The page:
InformAction Newsletter
Actionable insights from Brandology®
       Consumers may not be ready for the 18 lb wheel of Gouda currently available at Costco, but they sure are interested in buying everything else in large quantities. 28% of consumers say they are buying more bulk foods than previously, and 47% wish that manufacturers would offer more economy sizes of all types of packaged goods.

       Most consumers’ primary motivation for buying in bulk is to cut costs. True bulk items are 20 to 80 percent cheaper than their packaged equivalents. Super sizes offer less savings, but it’s still significant. Many shoppers also appreciate that economy sizes use less packaging, putting bulk products at the virtuous intersection of greener and cheaper.

       Retailers are already reacting to the “buy in big quantities” trend. Target is extensively promoting “Extra Big, Extra Savings,” and some grocery stores are installing additional bulk bins and options for online by-the-case purchases.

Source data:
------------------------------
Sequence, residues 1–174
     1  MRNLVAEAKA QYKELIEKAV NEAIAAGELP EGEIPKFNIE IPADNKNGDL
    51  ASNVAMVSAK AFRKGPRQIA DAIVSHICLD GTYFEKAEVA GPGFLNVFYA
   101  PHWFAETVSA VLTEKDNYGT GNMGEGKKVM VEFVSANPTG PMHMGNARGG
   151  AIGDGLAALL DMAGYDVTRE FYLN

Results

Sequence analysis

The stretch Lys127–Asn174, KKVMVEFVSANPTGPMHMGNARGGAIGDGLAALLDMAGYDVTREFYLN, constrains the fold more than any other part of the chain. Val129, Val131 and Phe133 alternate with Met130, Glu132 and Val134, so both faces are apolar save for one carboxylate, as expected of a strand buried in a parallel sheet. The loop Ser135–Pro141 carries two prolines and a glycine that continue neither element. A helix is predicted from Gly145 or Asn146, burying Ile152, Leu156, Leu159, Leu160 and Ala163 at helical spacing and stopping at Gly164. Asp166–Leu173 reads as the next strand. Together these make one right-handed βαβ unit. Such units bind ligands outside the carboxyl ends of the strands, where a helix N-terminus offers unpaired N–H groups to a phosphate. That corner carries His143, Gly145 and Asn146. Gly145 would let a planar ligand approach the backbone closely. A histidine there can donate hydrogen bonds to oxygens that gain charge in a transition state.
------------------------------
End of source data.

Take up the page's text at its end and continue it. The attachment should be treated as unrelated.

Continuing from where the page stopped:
People in corner offices may initially balk at the idea of larger sizes. (How much will it extend the purchase cycle? Will it reduce our margins?) However, research shows that super- sizes actually increase product usage. Brian Wansink, a professor at Cornell University specializing in this area, has found that within seven days, people consume 50% of what they purchase from a club store, regardless of the package size. Think about that while I finish the 10 lb package of M&Ms in my desk drawer.

We should think about...
  • Should we offer more super sizes or bundled products to our customers?
  • Should we market existing economy sized products as an easy way to save money and save the planet?
  • Can we reduce the packaging used in our multi-packs?
Sources: New York Times 2006; Nielsen 2008; Parade 2008; Time 2006
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